The private banker launches into a discussion on a selection of appropriate funds or structured product options across asset classes, which capture the bank-led approach to the field of green technologies and investments. But the client has come up with something left of field. They’ve found that investments in solar silica (the refined quartz product use in the production of solar cells) and geothermal technology is underleveraged and offer significant opportunities.
The private banker has never even heard of solar silica. So he brings in the commodities specialist – who likewise has never heard of solar silica. There is no specific geo-thermal product, but some ETFs that have a slice of geo-thermal investments.
At this stage, the client has become the advisor. While the private banker can help with execution, they are forced to now go and research the options and assist the client with their buying decision, rather than advising them on an asset class or a product.
This type of interaction is increasingly common, and it turns the head on the old advice model. With 5-Exabytes of content created every two days the likelihood that an advisor will have access to information that a client or customer doesn’t have access to today, is increasingly unrealistic.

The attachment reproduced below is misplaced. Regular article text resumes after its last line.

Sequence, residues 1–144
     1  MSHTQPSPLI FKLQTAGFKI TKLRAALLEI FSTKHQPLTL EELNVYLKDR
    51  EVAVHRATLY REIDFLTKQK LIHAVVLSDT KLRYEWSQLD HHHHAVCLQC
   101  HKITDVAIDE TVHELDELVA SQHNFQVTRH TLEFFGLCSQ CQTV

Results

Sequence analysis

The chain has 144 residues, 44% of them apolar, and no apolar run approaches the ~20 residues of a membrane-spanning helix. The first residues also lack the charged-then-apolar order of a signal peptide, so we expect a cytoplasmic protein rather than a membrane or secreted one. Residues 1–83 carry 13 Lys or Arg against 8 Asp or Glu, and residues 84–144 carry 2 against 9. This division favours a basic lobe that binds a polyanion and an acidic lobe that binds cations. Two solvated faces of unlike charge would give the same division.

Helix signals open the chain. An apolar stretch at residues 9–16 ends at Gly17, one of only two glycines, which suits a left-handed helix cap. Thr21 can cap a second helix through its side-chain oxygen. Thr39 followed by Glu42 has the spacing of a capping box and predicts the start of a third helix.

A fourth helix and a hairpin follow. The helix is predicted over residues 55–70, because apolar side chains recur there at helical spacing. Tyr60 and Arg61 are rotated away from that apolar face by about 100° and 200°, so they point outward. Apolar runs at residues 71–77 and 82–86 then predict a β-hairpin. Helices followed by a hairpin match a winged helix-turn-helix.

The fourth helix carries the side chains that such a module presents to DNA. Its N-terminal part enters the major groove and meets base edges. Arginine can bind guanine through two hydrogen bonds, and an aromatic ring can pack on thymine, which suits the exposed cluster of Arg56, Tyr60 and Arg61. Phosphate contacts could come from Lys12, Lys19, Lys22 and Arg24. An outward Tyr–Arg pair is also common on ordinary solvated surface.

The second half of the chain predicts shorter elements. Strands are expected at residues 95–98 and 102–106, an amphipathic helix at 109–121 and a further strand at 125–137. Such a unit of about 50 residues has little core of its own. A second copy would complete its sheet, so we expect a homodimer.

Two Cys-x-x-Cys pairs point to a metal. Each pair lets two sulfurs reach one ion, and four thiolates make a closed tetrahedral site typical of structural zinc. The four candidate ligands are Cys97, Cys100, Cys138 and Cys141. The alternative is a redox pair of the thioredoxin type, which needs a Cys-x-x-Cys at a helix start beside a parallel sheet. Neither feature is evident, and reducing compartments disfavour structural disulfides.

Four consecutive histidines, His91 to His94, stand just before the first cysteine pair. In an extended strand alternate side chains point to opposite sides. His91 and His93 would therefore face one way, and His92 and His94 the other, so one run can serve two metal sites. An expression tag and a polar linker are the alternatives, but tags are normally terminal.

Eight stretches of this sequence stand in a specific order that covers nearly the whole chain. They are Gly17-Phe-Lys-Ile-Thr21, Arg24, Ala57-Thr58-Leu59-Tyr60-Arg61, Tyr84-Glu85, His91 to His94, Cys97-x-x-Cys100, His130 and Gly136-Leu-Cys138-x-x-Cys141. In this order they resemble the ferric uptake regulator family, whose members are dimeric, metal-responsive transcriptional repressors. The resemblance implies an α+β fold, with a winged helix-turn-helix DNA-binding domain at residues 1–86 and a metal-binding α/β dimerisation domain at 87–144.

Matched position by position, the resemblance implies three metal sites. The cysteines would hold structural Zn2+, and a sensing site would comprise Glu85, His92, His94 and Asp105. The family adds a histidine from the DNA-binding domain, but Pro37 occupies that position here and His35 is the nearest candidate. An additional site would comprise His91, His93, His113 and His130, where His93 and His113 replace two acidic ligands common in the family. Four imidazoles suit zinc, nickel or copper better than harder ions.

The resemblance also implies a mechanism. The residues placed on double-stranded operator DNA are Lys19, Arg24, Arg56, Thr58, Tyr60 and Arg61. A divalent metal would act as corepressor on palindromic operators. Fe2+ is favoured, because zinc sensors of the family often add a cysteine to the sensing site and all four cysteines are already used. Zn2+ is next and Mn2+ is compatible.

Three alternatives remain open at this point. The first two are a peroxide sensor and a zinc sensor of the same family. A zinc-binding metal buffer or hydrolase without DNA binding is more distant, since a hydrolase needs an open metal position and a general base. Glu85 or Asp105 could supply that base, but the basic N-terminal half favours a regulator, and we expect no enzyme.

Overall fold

The best advice is real-time
While the concept of advice is a constructive and affirmative one, the biggest imperative for a customer is getting the right advice when and where they need it. The concept that advice is best given in the branch, precludes the reality that the most acute needs often present themselves contextually whether in the form of a life goal, a problem, a hurdle, a crisis, or simply a decision.
Let’s look at the core of day-to-day financial decisions. Everyday a consumer is making decisions on what money to spend, what money not to spend, what product or not to purchase, and what money to allocate to my savings. The very concept of advice is that the “bank” should help you make wise financial decisions that contribute to your overall financial health. However, given the dynamics of the retail financial services industry, the last two decades have seen banks flock to credit offerings that offer higher margin, even if that is at the detriment of the customer’s overall financial health.
Call me cynical but bank solutions need to be aligned with and never in opposition to the financial health of our customers. Customers should not be plagued by countless fees, escalating interest and penalties. Nor should representations be made to them that banking services are ‘free’ when the hidden costs are anything but free. This is anything but ‘advice’ based banking.
The pendulum needs to swing back to helping customers and help is best given when and where I need it. Not waiting for that day once or twice a year that I come into a branch to get something done or fixed, and the teller hats a sales metric to cross-sell or up-sell me a credit product I can’t really afford. That’s not advice and this is where real-time personal financial management (PFM) tools are really going to come into their own.
Brett King is a financial services consultant and author of the best selling book Banking 2.0.